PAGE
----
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Belgian, Italian firms land $1.1B contract for the largest US offshore wind farm

A consortium of Belgian dredging company Deme Group and Italian cable manufacturer Prysmian Group has been awarded a $1.1 billion contract by Dominion Energy Virginia to help build what will be the largest offshore wind farm in the US, the Coastal Virginia Offshore Wind (CVOW) project.

Prysmian in particular has secured the largest-ever awarded submarine cable contract in the US, and the consortium agreement is the largest offshore wind installation contract awarded in the US to date.

Upon expected completion in 2026, the 176-turbine, 2.6-gigawatt CVOW will be one of the largest offshore wind farms in the world. It will be capable of providing energy for 660,000 households and will reduce carbon emissions by over two million tons per year.

Here’s what Deme’s role will be:

DEME Offshore’s CVOW BoP contract includes the transport and installation of 176 monopile transition piece foundations, three offshore substations, scour protection and the supply and installation of export and inter-array submarine cable systems. DEME Offshore will oversee the complete offshore installation works for the foundations, substations, infield cables, as well as part of the export cables.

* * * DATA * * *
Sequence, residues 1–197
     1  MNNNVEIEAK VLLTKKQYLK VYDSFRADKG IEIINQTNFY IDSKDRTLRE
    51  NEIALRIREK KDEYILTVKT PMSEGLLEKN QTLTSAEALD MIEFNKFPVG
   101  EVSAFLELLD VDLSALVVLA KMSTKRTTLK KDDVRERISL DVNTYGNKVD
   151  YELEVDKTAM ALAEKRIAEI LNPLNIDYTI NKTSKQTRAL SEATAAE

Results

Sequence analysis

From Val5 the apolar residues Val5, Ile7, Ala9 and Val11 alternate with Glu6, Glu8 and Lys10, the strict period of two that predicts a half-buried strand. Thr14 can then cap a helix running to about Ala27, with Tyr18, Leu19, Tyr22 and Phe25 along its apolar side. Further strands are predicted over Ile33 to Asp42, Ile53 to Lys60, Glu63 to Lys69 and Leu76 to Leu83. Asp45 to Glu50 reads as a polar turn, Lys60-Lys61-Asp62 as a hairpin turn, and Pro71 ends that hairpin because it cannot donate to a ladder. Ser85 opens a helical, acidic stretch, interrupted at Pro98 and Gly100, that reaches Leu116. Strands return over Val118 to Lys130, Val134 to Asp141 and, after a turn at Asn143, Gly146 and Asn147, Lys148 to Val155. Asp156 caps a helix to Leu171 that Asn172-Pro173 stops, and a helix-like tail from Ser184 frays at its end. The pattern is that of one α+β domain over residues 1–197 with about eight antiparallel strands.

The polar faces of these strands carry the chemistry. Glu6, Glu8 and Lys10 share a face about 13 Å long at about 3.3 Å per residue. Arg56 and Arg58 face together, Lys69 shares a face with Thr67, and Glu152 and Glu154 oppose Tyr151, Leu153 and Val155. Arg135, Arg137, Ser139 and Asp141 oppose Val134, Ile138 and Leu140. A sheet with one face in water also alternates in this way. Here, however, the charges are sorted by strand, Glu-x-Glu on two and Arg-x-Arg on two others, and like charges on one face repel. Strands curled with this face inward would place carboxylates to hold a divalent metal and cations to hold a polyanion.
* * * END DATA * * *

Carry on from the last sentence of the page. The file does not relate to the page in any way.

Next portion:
And this is what Prysmian’s role will be:

Prysmian Group will provide three 3-core 220kV HVAC export cables measuring approximately 62 km each, with XLPE insulation and single-wire armoring, for a total of approximately 560 km. The Company will also supply 320 km of 3-core 66kV offshore inter-array cables with XLPE insulation.

The export cables will be produced in Arco Felice, Italy, and Pikkala, Finland, while the inter-array cables will be manufactured in Nordenham, Germany. 

Last week, Dominion Energy disclosed that CVOW is going to cost more than they originally anticipated. In 2019, the utility said it’d cost around $8 billion. Now it says it will cost a bit closer to $10 billion.

Bob Blue, president and CEO of Dominion Energy, said, “The cost increase can be attributed to, among other things, commodity and general cost pressures as seems to be the case across a number of industries right now.”

CVOW is the only US offshore wind farm that’s owned by a “state-regulated utility that plans to place the cost burden on its ratepayers, as well as earn a profit from the regulated return on the investment,” according to E&E News.

Read more: The US is getting its first offshore wind blade factory

Photo: Deme Group

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Avatar for Michelle Lewis Michelle Lewis

Michelle Lewis is a writer and editor on Electrek and an editor on DroneDJ, 9to5Mac, and 9to5Google. She lives in White River Junction, Vermont. She has previously worked for Fast Company, the Guardian, News Deeply, Time, and others. Message Michelle on Twitter or at Check out her personal blog.